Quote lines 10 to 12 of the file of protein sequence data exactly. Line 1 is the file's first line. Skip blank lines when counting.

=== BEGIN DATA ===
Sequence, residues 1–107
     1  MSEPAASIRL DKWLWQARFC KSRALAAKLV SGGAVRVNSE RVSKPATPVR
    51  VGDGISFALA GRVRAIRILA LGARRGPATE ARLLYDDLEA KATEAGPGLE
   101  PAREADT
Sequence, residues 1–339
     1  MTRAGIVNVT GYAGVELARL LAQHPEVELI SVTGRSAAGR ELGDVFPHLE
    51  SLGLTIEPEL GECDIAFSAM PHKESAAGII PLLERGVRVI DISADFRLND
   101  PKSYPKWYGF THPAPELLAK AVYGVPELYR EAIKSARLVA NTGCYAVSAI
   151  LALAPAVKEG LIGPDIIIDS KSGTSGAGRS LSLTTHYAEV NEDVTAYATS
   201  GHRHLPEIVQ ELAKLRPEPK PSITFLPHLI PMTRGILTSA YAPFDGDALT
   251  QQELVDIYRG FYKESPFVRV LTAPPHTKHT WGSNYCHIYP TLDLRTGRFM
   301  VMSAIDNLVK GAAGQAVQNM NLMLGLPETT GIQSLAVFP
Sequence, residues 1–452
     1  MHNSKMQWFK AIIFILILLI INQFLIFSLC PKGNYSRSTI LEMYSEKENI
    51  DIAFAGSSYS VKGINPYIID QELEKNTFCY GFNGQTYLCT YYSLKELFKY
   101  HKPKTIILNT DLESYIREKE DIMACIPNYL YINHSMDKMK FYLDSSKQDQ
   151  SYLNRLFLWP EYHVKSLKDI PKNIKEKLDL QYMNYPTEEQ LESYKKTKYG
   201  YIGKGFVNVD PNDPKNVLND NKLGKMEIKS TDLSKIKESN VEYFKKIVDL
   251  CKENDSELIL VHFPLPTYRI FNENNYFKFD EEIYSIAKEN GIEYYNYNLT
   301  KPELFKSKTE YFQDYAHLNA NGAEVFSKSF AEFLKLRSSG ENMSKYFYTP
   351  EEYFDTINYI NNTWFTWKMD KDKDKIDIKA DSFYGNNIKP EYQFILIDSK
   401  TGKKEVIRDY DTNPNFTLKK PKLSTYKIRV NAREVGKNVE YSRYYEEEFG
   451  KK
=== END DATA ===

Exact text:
   201  GHRHLPEIVQ ELAKLRPEPK PSITFLPHLI PMTRGILTSA YAPFDGDALT
   251  QQELVDIYRG FYKESPFVRV LTAPPHTKHT WGSNYCHIYP TLDLRTGRFM
   301  VMSAIDNLVK GAAGQAVQNM NLMLGLPETT GIQSLAVFP